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Linoleic Acid vs Oleic Acid: What's the Difference?

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What is Linoleic Acid? Linoleic acid, whose name is derived from the Greek words "linon," which means "flax," and "oleic," which means "produced from oil," is an unsaturated fat. Unsaturated fats are essential for encouraging cell regeneration and keeping skin smooth, elastic, and young-looking. Linoleic acid can be used on all skin types, but those with dry or acne-prone skin may find it most beneficial. Acne patients have been demonstrated to have reduced linoleic acid levels in their skin surface lipids. What is Oleic Acid? Oleic acid is a mono-unsaturated omega-9 fatty acid found in various animal and vegetable sources. Oleic acid is considered to be highly stable to oxidation and also can enhance the activity of antioxidants and antipolymerization agents. ( Source ) Difference Between Oleic Acid and Linoleic Acid Linoleic Acid Vs Oleic Acid for Skin Your ability to choose between the fatty acids will depend on your skin type. Linoleic acid-r

Linoleic Acid vs Linolenic Acid: What's the Difference?

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Linoleic acid (LA) is an omega-6 fatty acid, while α-linolenic acid (ALA) is an omega-3 fatty acid. Both are the two essential fatty acids required in the diet. They help to support healthy metabolism, good cognitive function, and healthy skin and hair growth. This multipurpose compound is essential for healthy tissue and cell growth. What is Linoleic Acid? Linoleic acid, whose name is derived from the Greek words "linon," which means "flax," and "oleic," which means "produced from oil," is an unsaturated fat. Unsaturated fats are essential for encouraging cell regeneration and keeping skin smooth, elastic, and young-looking. Linoleic acid can be used on all skin types, but those with dry or acne-prone skin may find it most beneficial. Acne patients have been demonstrated to have reduced linoleic acid levels in their skin surface lipids. Is Gamma Linolenic Acid the Same as Linoleic Acid? Gamma linolenic acid, is produced in the body from linoleic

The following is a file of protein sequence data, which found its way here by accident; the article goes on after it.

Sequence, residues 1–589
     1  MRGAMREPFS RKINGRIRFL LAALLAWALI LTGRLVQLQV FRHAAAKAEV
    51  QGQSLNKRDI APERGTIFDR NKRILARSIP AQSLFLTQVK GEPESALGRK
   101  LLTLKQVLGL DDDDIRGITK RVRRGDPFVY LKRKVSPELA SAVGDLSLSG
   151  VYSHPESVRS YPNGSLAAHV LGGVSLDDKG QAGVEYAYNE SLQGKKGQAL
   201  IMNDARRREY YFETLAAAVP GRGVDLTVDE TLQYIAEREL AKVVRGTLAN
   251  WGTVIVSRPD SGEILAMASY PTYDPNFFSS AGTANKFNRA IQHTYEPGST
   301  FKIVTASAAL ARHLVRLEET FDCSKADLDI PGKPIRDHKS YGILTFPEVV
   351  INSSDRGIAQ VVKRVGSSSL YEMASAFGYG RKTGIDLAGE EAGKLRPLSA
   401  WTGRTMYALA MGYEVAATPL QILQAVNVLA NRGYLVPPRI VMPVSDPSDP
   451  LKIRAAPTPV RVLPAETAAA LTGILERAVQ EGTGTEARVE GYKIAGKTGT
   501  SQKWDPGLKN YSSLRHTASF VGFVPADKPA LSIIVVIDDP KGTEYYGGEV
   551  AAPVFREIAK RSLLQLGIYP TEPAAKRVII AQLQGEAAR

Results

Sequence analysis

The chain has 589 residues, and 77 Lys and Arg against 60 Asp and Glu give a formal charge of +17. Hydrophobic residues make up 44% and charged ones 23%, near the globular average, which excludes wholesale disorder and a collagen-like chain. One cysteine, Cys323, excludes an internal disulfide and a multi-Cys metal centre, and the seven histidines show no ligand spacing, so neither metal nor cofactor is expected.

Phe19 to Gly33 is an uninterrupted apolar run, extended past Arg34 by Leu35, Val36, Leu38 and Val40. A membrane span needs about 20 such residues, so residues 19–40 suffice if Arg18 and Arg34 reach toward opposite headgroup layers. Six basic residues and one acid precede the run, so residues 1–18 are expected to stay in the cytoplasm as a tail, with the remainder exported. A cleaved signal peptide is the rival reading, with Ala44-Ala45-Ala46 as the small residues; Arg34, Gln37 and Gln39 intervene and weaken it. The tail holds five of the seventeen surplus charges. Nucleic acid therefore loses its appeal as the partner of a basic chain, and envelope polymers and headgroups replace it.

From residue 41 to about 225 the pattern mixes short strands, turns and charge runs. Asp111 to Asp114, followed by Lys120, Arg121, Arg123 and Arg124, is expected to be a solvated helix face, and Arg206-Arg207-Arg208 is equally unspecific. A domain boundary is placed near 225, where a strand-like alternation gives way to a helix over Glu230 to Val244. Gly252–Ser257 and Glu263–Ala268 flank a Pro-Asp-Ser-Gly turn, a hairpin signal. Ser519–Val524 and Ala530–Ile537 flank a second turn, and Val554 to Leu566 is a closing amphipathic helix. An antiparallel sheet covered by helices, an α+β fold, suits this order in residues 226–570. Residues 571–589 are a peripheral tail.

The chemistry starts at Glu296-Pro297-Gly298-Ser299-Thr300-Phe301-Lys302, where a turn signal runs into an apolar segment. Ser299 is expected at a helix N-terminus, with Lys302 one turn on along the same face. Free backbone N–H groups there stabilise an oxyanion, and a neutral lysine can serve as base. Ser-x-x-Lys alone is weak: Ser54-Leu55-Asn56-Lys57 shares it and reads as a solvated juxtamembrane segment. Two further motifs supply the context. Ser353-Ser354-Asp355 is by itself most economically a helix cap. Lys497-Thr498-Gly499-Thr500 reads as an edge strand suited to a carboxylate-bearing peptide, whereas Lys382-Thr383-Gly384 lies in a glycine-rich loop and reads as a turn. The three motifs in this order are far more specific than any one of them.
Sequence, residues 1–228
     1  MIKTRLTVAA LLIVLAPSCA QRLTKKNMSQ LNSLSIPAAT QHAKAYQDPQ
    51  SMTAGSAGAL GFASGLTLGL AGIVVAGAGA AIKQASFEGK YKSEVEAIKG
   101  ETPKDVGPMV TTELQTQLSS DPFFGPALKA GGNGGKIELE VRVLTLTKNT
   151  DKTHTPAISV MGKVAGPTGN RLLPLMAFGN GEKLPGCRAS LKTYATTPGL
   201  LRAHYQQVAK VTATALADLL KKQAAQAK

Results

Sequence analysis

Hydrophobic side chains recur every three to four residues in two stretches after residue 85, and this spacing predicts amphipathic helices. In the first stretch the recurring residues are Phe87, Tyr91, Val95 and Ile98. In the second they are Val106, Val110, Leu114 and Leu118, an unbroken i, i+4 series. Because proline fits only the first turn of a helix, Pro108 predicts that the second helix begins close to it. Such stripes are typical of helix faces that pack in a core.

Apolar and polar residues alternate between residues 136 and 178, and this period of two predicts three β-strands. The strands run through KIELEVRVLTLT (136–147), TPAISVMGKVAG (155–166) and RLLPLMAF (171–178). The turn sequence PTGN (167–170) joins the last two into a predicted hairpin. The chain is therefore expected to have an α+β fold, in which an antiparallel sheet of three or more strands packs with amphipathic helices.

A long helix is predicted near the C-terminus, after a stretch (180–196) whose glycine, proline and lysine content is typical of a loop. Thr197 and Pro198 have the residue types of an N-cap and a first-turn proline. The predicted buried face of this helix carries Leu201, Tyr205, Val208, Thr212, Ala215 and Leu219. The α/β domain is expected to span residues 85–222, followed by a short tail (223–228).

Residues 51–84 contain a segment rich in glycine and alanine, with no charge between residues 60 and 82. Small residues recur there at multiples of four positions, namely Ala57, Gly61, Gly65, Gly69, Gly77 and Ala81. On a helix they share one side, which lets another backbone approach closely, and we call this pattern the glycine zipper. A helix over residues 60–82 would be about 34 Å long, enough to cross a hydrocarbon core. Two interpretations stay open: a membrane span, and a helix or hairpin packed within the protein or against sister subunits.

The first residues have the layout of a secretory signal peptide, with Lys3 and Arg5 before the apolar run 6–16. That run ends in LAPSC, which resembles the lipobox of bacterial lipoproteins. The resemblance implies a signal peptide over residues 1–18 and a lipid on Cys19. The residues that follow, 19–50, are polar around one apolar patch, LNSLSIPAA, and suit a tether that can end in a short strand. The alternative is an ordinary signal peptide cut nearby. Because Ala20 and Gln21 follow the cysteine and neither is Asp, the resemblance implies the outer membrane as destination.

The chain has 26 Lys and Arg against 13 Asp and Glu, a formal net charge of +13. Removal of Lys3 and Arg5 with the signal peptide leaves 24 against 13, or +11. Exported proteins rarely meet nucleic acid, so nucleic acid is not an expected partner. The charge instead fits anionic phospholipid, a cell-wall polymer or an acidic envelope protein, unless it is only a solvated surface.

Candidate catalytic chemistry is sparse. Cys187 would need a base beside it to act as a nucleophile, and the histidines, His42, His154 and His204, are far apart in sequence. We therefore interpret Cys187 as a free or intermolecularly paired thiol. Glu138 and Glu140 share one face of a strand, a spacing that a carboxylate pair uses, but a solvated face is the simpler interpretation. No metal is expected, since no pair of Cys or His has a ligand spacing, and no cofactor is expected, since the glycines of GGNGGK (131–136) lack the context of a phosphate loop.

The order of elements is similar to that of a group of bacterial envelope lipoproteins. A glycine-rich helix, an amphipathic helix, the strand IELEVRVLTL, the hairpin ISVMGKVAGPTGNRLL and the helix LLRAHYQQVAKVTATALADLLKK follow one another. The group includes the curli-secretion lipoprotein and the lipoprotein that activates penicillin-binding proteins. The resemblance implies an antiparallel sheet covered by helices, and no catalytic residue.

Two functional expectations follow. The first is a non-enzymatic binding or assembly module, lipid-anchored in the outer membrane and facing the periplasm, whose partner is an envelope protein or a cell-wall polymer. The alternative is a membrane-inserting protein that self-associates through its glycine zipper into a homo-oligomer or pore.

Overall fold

Diet, Food Cravings and Weight Loss - Midwestern Doctor

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Although I have spent a lot of time studying nutrition, I have hesitated to write about it. This is because opinions on the subject differ so much that regardless of your position, people who feel strongly about the issue will appear and put forward evidence challenging and refuting whatever you suggested. This is an immensely difficult area to navigate, and I freely admit I still have not identified a dietary regimen I feel entirely confident in. Recently, two things made me realize I nonetheless needed to cover this subject. The first was that the pharmaceutical industry and the FDA recently signaled that drugs for obesity will become the new market investors can expect excellent returns from (this will be discussed in an upcoming article). The second is that all the time I’ve spent on Substack caused me to gain quite a bit of weight, which, after repeatedly putting off, I finally got around to addressing not too long ago. Since this is a remarkably challenging topic, I have been wor

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